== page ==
Ah, beautiful simplicity.  If you’ve read a few of my past entries, you’ll know that one of my frequent complaints about whiskeys are their over-done label design.  Death’s Door takes the radically opposite approach with their clear bottle, clear label sticker, and absolutely minimal use of text.  The only adornment is their double D logo.  Otherwise the vessel serves only to tell the whiskey aisle shopper that its contents is indeed clear and still a whiskey.

In certain contexts this minimalism could be interpreted as pretense, but sitting on the table in my apartment, it just looks clean and serious.


Yep, as you might expect, this smells like fresh distillate.  The harshness is a little muted from what its peak no doubt was, but I don’t know whether to chalk that up to bringing it down to 80 proof, the brief aging period, or both.  Difficult to make out anything particularly wheaty like you might whiff in something like Bernheim.  Generally a pleasant nose though.

When drinking, the first sensation is sweet and dry: raspberries and the smell of sun-bleached driftwood.  There’s a good deal of warmth on the palate for something this young and it’s surprisingly smooth.  The berry/driftwood sense continues throughout, then fades into a slightly bitter, short-lived finish.

Over all:

This is a good one.  Definitely a change of pace from your usual  line-up of brown liquors and surprisingly different from the Georgia Moons of the world.  As for how to drink it, putting it on the rocks might mute the more delicate flavors beyond repair, but adding a drop or two of simple syrup and some mint might not be a bad idea to compliment DDW’s strengths.  It’s not an all time favorite, but I have to say I’m impressed what they’ve done to make an enjoyable white whiskey and it’s a worthy addition to anyone’s cabinet if they’re looking for something that’s a change of pace.

Wasmund’s Single Malt Whisky

wasmundsI picked up Wasmund’s at Astor Place last week because it is a non-bourbon American whiskey that I’ve never heard of before.  That intrigues me.  I’m always looking for people who are innovating and trying new things in the spirits industry here in the US, even if that means attempting to recreate another nation’s approach, as the “single malt” moniker implies.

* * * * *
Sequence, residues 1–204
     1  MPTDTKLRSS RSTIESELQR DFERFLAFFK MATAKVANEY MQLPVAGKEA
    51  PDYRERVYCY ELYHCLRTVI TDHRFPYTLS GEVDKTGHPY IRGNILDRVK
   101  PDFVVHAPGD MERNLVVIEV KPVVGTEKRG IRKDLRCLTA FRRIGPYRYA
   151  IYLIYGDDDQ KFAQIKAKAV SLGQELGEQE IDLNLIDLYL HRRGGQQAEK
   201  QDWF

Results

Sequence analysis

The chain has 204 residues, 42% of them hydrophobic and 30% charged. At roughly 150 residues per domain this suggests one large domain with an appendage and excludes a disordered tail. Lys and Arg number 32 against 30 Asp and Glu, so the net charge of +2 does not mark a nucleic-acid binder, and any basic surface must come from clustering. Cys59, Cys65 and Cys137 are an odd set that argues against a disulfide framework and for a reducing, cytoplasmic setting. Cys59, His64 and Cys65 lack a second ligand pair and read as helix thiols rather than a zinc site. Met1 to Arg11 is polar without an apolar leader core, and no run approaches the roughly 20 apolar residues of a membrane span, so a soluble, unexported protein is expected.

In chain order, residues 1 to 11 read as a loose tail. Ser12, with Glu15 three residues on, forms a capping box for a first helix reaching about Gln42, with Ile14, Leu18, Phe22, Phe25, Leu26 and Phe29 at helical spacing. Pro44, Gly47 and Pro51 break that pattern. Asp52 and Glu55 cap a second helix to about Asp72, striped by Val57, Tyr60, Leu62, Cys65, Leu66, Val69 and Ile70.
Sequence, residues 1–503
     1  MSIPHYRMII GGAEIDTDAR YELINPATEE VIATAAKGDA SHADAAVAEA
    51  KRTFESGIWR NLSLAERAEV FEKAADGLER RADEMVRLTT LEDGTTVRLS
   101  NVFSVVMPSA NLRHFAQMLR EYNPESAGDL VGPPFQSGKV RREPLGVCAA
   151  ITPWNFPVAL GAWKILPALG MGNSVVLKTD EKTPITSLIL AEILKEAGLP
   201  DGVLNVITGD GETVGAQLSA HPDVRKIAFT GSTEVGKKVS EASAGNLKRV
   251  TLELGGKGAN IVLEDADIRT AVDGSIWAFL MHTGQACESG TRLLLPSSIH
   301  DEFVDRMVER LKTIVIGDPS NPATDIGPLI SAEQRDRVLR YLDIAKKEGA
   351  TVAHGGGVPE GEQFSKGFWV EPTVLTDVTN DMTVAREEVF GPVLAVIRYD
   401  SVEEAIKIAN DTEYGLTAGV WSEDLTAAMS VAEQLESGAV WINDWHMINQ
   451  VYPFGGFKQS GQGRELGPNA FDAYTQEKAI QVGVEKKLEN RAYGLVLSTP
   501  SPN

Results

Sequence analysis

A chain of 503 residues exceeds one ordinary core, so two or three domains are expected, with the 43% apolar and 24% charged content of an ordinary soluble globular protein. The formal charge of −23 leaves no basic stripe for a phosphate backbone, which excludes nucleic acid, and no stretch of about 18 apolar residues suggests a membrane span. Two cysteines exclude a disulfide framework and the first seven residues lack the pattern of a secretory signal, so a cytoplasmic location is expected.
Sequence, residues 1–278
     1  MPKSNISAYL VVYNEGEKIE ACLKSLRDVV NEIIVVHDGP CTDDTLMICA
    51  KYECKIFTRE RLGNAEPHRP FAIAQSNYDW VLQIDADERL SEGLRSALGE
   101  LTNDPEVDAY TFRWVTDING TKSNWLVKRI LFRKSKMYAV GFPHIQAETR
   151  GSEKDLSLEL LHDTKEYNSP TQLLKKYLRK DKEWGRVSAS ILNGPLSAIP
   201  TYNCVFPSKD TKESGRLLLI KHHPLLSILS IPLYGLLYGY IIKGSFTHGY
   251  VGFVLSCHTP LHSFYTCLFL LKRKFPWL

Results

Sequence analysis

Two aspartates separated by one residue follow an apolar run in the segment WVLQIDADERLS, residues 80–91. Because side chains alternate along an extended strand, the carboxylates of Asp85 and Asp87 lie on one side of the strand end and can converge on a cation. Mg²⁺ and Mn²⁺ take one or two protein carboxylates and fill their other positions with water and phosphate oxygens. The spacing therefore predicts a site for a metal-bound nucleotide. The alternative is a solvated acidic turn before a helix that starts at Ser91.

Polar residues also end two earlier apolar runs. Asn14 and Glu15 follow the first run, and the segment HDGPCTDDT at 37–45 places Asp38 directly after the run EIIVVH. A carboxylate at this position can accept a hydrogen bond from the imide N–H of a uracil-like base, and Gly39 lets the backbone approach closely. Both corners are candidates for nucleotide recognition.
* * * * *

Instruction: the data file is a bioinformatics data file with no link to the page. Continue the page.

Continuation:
Another intriguing element of Wasmund’s is its age of…wait for it…four months.  Four months!  There I was, looking at a bottle filled with brown whiskey that’s four months old?  At the very least, this would be an experience similar to Georgia Moon or perhaps last week’s brandy, both young spirits.  At best, the creator had worked some distillation magic and produced a fine, but extremely young drink.  Either way, it would be interesting.



– Made by Copper Fox Distillery

– 96 proof


Wasmund’s label is nothing special.  It displays its name in bold red letters at its curved top, below which are depicted an axe & chopping block (having recently chopped some wood chips), a copper pot still, and a trio of casks.  In no fewer than four more fonts, the label describes where it’s from, that it’s non chill-filtered, that it’s a single malt whisky (no ‘e’), and that it’s falvored and colored with applewood, cherrywood, and oak.  In the background there’s a stylized fox.

There are too many fonts to allow me to enjoy this label.  The color scheme (red, black, tan) is attractive enough, and – individually – the graphic elements are passable, but over all it comes across as cluttered and unfocused.  They would be better off focusing on the fox logo as a central element and cutting down the font-madness.

I have seen worse, however.

On the back label, creator Rick Wasmund makes the case for his whisky.  He describes following a traditional Scottish method, except replacing peat with fruit woods: interesting.  He also says that the spirit is aged in casks along with wood chips: that explains the mere four months of aging!